Donald Trump’s lawyers have laid out his defence a day before the start of his impeachment trial, arguing the president did nothing wrong and that allegations of abuse of power were a “novel theory” that did not support his removal from office.
In a 171-page legal brief filed on Monday, Mr Trump’s legal team accused Democrats of carrying out a “dangerous perversion” of the constitution and urged all 100 senators who will serve as jurors in his trial to “swiftly and roundly condemn” the process that has led to the third presidential impeachment trial in US history.
Mr Trump’s lawyers argued that the Democratic-controlled House of Representatives, which drew up two impeachment charges alleging abuse of power and obstruction of Congress, failed “to allege any violation of law whatsoever” by the president and therefore had not been accused of any “impeachable offence”.
“House Democrats’ novel theory of ‘abuse of power’ improperly supplants the standard of ‘high crimes and misdemeanours’ with a made-up theory that would permanently weaken the presidency by effectively permitting impeachments based merely on policy disagreements,” the brief said.
The filing is the clearest signal yet that Mr Trump’s team will not focus on challenging the underlying facts in the case, which show that a coterie of Mr Trump’s aides attempted to coerce the Ukrainian government into investigating the president’s Democratic rivals and unfounded theories of Kyiv’s interference in the 2016 election.
Instead, his lawyers appear to be mounting a defence that even if all the allegations against Mr Trump are true, such pressuring of foreign governments is part of the presidency’s legitimate powers, regardless of the fact the scheme was intended for his personal political benefit rather than wider US foreign policy goals.
Mr Trump was impeached in December by the House, which voted last week to send the articles of impeachment to the US Senate after delaying the action for weeks to press the upper chamber to allow key witnesses to testify at the trial. The White House had instructed administration officials not to testify before the House.
The issue of whether new witnesses will be allowed to testify in the Senate trial is expected to be a central issue in the first days of the trial, which is set to begin on Tuesday after John Roberts, the chief justice of the US Supreme Court who will preside over the proceedings, swore in all senators last week.
In Monday’s filing, the president’s lawyers maintained he “did absolutely nothing wrong” and accused House Democrats of failing to call a “single witness who claims, based on direct knowledge” that the Mr Trump conditioned the release of military aid to Ukraine on the announcement of investigations into the Bidens or alleged interference by the Ukrainians in the 2016 US presidential election.
Mr Trump himself reinforced that message, writing on Twitter: “They didn’t want John Bolton and others in the House. They were in too much of a rush. Now they want them all in the Senate. Not supposed to be that way!”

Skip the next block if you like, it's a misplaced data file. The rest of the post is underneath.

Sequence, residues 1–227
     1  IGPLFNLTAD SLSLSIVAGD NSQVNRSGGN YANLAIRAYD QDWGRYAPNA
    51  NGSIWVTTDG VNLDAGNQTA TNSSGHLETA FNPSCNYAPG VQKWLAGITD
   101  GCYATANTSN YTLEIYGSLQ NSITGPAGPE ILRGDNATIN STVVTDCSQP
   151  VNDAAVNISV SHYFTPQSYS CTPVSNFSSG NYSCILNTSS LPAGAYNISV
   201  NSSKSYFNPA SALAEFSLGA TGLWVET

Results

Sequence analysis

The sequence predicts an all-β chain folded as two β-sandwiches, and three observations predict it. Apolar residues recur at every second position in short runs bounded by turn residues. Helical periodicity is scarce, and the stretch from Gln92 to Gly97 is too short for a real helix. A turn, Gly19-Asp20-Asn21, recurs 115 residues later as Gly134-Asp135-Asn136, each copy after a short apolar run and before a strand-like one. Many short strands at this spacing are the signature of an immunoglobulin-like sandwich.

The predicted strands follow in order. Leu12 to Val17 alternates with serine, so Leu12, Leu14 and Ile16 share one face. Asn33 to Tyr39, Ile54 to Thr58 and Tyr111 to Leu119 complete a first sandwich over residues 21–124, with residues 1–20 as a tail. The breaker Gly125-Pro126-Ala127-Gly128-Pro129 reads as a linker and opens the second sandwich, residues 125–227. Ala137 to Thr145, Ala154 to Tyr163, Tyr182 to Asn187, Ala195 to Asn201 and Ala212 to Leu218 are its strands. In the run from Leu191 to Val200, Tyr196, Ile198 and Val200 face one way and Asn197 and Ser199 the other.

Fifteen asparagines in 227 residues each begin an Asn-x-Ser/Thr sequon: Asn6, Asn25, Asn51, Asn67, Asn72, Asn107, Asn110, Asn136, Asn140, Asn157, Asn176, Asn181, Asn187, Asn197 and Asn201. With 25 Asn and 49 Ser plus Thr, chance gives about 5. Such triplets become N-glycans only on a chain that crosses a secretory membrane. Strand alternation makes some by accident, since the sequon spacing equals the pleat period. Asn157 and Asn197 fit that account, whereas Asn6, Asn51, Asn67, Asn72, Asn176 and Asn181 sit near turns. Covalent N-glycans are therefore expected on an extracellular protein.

But Democrat Adam Schiff, the chair of the House intelligence committee who will help manage the prosecution in the Senate, hit back at the argument, noting that it was the White House — not House Democrats — who blocked first-hand witnesses from testifying.
“No, Mr President, we did ask John Bolton to testify. You ordered him not to, and blocked others, like Mick Mulvaney,” Mr Schiff wrote on Twitter. “All Americans know what a fair trial includes documents and witnesses.”
At the weekend, the seven House Democrats who will prosecute Mr Trump in the Senate trial filed a 110-page legal brief, saying Mr Trump’s efforts to get his Ukrainian counterpart to publicly announce an investigation into former US vice-president Joe Biden and his son Hunter Biden amounted to the “worst nightmare” of America’s founding fathers.
Mr Trump is expected to be acquitted in the Republican-controlled Senate, as his removal from office would require 20 Republican senators to vote against him.
His lawyers argued in Monday’s brief that the articles of impeachment “do not remotely approach the constitutional threshold for removing a president from office”. Echoing claims that the president has made, Mr Trump’s attorneys argue that the articles of impeachment were borne of a “rigged process” in the House, and “must be rejected”.
House Democrats and the president’s lawyers are expected to make opening statements in Mr Trump’s trial on Tuesday, but lawmakers remain fiercely divided about the rules governing the proceedings.
The rules of a trial need the approval of a simple majority of senators, and while Mitch McConnell, the Senate’s top Republican, has insisted that he “has the votes” to proceed without the co-operation of Democrats, he has yet to publish a resolution laying out how the trial will be run.
Democrats have pushed for the admission of fresh evidence — such as the Government Accountability Office report last week saying the White House violated the law by withholding US military aid to Ukraine — and the inclusion of testimony from witnesses who did not participate in the House investigation, including former national security adviser John Bolton and acting White House chief of staff Mick Mulvaney.
A handful of moderate Republicans have indicated they would be open to hearing from witnesses after opening statements from both sides.